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The IBA’s response to the situation in Ukraine
The term ‘feminisation of the legal profession’ is used often to describe changes in the legal profession, particularly the increase of women in it. This is both a misnomer and misleading. While women generally outnumber men in law schools and often as junior associates in law firms, men continue to outnumber women in senior positions and do so significantly.
The IBA’s LPRU undertook the women in business law project to secure information as to why women continue to experience barriers to the most senior positions in commercial law firms. Our findings are disheartening. Women’s representation as partners in law firms remains low, particularly as equity partners where it is often less than 20%. Discrimination against, and sexual harassment of, women continues to be a significant problem. These findings are remarkably similar in both common law and civil law countries.
Key findings include:
The IBA LPRU encourages all lawyers, particularly senior partners, to read this report and welcomes any feedback you may wish to make to it. We are particularly interested to learn from you what you think can be done to address the shortcomings identified. These can be addressed to the IBA LPRU at: LPRU@int-bar.org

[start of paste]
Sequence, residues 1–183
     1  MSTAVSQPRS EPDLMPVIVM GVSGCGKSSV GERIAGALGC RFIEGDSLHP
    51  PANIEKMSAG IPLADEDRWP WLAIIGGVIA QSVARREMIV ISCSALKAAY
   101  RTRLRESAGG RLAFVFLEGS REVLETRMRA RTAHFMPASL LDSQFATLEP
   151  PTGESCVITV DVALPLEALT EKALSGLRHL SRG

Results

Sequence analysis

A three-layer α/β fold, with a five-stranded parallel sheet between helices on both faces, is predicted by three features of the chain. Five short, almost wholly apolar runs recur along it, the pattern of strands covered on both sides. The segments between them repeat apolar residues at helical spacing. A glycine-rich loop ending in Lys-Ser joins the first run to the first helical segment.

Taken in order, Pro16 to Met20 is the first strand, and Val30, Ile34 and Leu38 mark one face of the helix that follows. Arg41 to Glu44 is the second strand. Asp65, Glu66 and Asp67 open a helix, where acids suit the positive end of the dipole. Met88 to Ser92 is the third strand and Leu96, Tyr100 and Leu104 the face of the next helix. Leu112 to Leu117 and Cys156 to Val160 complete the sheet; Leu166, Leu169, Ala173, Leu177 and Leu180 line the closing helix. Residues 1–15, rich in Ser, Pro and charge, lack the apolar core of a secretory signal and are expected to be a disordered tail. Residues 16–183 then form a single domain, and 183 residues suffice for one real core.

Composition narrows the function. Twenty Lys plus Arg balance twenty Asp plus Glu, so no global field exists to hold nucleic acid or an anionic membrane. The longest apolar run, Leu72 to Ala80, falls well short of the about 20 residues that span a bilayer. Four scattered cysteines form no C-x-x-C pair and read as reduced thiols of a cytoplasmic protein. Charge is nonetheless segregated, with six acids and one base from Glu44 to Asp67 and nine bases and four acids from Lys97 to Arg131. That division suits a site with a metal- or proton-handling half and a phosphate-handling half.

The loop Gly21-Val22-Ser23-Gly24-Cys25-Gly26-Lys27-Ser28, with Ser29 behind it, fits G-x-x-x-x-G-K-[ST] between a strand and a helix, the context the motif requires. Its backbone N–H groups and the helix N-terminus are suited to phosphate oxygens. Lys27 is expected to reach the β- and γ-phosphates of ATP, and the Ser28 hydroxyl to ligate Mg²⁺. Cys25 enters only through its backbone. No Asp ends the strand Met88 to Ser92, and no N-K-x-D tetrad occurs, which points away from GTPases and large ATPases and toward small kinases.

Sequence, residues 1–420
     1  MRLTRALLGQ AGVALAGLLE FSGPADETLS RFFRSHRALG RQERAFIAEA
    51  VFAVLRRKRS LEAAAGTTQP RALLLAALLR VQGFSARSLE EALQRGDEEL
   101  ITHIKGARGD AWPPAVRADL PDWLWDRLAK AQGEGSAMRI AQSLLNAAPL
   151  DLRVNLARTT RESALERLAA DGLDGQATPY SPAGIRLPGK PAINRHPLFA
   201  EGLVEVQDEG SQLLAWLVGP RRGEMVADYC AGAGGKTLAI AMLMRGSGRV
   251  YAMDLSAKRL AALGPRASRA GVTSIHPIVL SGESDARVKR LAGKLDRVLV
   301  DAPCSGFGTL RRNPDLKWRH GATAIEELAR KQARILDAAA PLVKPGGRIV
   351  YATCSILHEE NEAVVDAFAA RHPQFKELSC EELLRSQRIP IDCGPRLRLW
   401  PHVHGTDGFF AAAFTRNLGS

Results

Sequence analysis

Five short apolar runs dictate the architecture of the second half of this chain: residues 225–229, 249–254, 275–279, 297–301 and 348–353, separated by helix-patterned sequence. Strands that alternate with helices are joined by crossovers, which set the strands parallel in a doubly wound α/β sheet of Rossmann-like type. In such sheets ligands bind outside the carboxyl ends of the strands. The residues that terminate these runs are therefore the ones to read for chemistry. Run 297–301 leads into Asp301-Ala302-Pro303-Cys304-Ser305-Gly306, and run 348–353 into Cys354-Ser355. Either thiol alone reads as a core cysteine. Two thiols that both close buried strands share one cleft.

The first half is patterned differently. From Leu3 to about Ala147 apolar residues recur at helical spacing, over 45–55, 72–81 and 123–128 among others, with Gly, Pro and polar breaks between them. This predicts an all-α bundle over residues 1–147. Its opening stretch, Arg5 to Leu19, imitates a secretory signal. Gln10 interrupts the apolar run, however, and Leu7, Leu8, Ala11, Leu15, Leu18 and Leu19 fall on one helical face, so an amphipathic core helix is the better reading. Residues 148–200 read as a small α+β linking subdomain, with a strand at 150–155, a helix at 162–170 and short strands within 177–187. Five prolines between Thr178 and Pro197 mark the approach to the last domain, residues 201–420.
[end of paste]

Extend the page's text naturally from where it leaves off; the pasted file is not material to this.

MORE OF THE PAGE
The IBA LPRU Women in Commercial Legal Practice Report can be found here.
The initial focus of this initiative was conducting events in the MENA region and parts of Africa to encourage continued development of these skills. More information on this part of the initiative can be found here: Women in business law: Africa and MENA region
It is apparent, however, that women’s lack of progress in business law is not confined to certain regions. It is in this context that the LPRU sought to obtain more information on why it is lawyers, particularly women lawyers, who are leaving law firms and the legal profession. More information of that work can be found here.